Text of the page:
Too little, too narrow, too late, and where’s the passion?
On Wednesday morning I joined other figures from the arts world to hear Maria Miller’s first big speech as Culture Secretary, at the British Museum. 48 hours on, I’ve talked at length with lots of people, sometimes even quite sensibly, and have constructed a short, reasonably coherent response to it, which I’m sure I will repeat a few more times over the next few days, particularly at the What Next? Conference on Monday. There are also some great articles out there, from Sam West, Nick Hytner and Nick Starr and Dan Rebellato. I also came across this from economist John Kay, talking about why we should measure the value of the arts as much as their cost.
But here, as a form of catharsis, and because sometimes at the end of a long week you just have to, is a written up version of what ran through my mind as I listened to the Secretary of State’s speech on Wednesday morning. OK, here goes…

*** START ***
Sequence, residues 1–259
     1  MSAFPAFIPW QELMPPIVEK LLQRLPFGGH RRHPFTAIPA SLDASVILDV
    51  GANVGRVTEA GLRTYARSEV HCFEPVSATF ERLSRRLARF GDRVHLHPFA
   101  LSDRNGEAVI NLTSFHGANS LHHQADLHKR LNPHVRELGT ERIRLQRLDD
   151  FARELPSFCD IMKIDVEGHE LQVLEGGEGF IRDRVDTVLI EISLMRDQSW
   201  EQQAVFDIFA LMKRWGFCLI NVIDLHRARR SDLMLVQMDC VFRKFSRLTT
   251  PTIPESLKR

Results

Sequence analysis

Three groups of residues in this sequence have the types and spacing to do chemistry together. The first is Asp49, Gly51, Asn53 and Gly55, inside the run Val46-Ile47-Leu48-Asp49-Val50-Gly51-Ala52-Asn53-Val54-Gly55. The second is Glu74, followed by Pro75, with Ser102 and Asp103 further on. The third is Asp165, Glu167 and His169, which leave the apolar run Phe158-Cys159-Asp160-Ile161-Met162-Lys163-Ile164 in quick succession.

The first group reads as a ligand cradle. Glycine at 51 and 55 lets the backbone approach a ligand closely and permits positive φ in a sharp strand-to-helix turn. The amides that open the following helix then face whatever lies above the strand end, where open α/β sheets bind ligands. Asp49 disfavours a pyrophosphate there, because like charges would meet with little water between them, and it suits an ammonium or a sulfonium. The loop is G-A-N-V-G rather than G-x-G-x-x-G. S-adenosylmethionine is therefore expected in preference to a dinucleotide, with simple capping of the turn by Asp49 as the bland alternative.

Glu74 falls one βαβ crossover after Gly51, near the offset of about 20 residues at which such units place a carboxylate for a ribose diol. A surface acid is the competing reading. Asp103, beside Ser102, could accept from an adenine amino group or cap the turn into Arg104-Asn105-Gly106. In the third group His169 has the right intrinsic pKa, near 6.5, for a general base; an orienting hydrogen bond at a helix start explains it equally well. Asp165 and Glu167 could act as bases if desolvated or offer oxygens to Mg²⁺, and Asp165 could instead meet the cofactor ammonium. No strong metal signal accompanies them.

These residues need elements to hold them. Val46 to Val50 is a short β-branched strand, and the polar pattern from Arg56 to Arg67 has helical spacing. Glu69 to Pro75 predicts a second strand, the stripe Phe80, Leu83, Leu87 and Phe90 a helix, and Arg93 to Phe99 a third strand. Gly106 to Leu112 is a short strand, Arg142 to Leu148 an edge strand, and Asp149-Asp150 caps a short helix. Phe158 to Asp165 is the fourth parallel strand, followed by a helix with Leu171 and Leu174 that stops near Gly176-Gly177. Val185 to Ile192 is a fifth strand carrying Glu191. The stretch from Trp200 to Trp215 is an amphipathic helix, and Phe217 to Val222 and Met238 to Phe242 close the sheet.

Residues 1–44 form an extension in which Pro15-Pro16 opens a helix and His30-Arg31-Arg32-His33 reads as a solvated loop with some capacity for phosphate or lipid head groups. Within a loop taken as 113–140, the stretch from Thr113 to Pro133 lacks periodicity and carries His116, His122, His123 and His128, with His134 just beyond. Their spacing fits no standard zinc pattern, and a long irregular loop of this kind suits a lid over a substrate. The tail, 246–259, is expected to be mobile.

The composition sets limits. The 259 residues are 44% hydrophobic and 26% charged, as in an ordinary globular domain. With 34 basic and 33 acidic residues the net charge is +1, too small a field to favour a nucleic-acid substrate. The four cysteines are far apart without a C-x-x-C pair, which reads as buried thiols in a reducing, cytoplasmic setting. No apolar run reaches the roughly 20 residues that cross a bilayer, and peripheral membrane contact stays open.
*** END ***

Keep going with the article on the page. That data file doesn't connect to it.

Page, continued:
To my surprise, there was much to agree with in her opening lines…
“Arts and culture underpin what it means to be British; how we see ourselves; and how the world sees us. Our culture is our hallmark, and it makes the UK distinctive in a globalised world.”
Absolutely, Maria, I’m there with you on this. So’s everyone else in the room (I think). Where’s the flag? Oh, yep, it’s there, on stage on the DCMS banner. We love Danny Boyle! Wasn’t that NHS bit in the opening ceremony brilliant…
“The arts stimulate us, educate us, challenge and amuse us. They are of instrumental, as well as intrinsic, value and their social benefits are numerous and beyond doubt.”
Well, I’m not sure that everyone across the country gets this just yet, but it’s great to hear her say it. Way to go.